Imagine this: It is your first year as a second-grade teacher after five years of teaching third grade. While your former classroom is right down the hall, you are now realizing that these two grades are miles apart. The first time you asked your students to read at their seat, you didn’t expect many of them to start reading aloud, for example. And nevermind how you’ve been totally caught off guard by the frequent discussions about the tooth fairy.
It’s Friday afternoon and you are changing some of the literacy centers in your room to get ready for the next week. You pull out some phonics and reading comprehension activities from your closet. Fingers crossed that soon your students will be more self-sufficient as they rotate to these stations after a month of training (something else you weren’t prepared for).
Surprised by how many of your students are still not reading very independently, you are anxious to look at the assessment data from both MAP® Growth™ and MAP® Reading Fluency™. Specifically, you are anxious to find out how well students are understanding what they read as well as how much support they need with decoding skills. It’s time to pull out the red licorice and log in to view the reports.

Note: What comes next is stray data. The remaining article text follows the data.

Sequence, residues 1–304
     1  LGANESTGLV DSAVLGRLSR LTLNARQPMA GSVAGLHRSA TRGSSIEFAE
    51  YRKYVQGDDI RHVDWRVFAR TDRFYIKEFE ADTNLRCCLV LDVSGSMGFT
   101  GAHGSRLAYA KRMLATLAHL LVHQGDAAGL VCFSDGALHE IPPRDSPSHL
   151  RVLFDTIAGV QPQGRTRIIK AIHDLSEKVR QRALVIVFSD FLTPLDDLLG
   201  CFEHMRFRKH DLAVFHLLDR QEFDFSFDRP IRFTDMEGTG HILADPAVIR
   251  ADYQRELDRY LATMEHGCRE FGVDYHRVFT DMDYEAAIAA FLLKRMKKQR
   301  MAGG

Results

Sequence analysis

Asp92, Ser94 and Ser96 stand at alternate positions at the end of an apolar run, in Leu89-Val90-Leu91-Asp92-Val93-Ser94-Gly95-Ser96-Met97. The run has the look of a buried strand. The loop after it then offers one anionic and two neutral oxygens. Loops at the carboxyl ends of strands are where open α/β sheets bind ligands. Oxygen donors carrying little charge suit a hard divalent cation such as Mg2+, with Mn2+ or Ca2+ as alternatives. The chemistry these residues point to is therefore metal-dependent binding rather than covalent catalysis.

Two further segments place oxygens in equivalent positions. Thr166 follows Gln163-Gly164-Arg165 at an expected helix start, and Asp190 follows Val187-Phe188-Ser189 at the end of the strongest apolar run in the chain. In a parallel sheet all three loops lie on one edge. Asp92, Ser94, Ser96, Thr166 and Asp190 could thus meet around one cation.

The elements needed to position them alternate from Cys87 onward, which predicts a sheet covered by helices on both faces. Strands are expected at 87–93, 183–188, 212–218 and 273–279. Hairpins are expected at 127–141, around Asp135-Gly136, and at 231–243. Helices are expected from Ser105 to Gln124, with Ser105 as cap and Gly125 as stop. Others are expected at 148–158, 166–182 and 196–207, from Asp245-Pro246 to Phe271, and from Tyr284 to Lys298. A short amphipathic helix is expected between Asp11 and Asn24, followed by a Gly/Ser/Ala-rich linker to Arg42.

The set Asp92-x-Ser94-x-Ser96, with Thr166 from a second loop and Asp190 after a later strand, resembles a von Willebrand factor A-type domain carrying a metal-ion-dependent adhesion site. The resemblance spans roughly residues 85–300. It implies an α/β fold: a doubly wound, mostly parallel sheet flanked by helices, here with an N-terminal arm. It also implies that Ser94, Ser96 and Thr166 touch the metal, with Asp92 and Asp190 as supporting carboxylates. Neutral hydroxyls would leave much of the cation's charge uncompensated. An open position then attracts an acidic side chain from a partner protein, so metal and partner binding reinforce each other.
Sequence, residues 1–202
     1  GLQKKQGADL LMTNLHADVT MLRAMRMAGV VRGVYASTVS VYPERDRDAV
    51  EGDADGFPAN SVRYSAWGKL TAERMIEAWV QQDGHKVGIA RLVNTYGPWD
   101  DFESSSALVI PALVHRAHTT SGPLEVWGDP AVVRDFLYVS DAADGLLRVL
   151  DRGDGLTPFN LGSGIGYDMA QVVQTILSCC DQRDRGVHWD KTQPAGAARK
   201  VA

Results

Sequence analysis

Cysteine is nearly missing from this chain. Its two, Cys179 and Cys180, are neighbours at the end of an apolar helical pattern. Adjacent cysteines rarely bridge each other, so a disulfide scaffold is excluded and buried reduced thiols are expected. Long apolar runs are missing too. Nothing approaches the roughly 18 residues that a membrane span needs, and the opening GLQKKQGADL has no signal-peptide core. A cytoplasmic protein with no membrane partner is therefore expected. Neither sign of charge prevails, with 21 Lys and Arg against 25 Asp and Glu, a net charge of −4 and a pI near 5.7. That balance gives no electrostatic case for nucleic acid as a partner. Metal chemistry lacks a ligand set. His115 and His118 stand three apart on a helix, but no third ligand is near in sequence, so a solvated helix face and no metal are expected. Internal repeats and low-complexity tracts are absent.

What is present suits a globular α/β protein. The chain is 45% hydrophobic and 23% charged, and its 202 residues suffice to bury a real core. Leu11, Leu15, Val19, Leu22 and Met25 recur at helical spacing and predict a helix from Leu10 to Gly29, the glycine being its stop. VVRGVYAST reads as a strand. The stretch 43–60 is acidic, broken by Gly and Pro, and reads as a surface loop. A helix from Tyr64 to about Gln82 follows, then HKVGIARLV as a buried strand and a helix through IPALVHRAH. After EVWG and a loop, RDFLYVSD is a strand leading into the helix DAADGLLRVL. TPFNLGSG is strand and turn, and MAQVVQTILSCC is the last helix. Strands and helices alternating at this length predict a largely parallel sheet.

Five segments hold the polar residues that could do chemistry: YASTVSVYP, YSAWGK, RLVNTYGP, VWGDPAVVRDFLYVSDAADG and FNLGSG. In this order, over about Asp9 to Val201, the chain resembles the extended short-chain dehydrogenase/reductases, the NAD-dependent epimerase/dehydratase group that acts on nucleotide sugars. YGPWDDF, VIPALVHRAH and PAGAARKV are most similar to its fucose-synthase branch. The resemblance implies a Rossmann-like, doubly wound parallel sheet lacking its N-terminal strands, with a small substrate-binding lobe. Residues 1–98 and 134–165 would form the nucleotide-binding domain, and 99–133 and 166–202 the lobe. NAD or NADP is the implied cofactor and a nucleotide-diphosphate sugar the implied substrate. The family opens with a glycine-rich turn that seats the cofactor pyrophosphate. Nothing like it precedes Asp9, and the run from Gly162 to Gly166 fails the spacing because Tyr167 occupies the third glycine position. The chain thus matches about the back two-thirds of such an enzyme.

MAP Growth Class Profile report and Lexile reading levels
For the tired eyes of a second-grade teacher, the MAP Growth Class Profile report is very visual and easy to interpret.
At a glance, you see it provides what you need to know: how your students rank compared to other second-graders in the nation (national achievement percentiles) and how well they are comprehending texts of various levels of complexity. That’s because this report not only includes every student’s RIT score and accompanying achievement percentile, but also their Lexile reading level.
The reading Lexile reported in MAP Growth is different from what is reported as the oral reading level in MAP Reading Fluency. The Lexile score shown in the Class Profile report reflects the level of text complexity each student can understand when reading silently. It is important to note that this Lexile is based on each student’s silent reading of passages that give them the opportunity to go back and reread parts of a passage when answering a question. This close reading allows students to consider both the details and concepts within a passage, much like an authentic reading experience.
As you look at the wide breadth of scores in your class, you see that there is a handful of students who have lower than expected reading Lexile levels. This confirms your growing concern that some kids are reading Dr. Seuss beginner books or the Biscuit series while others with higher Lexile scores are deep into Junie B. Jones and The Boxcar Children.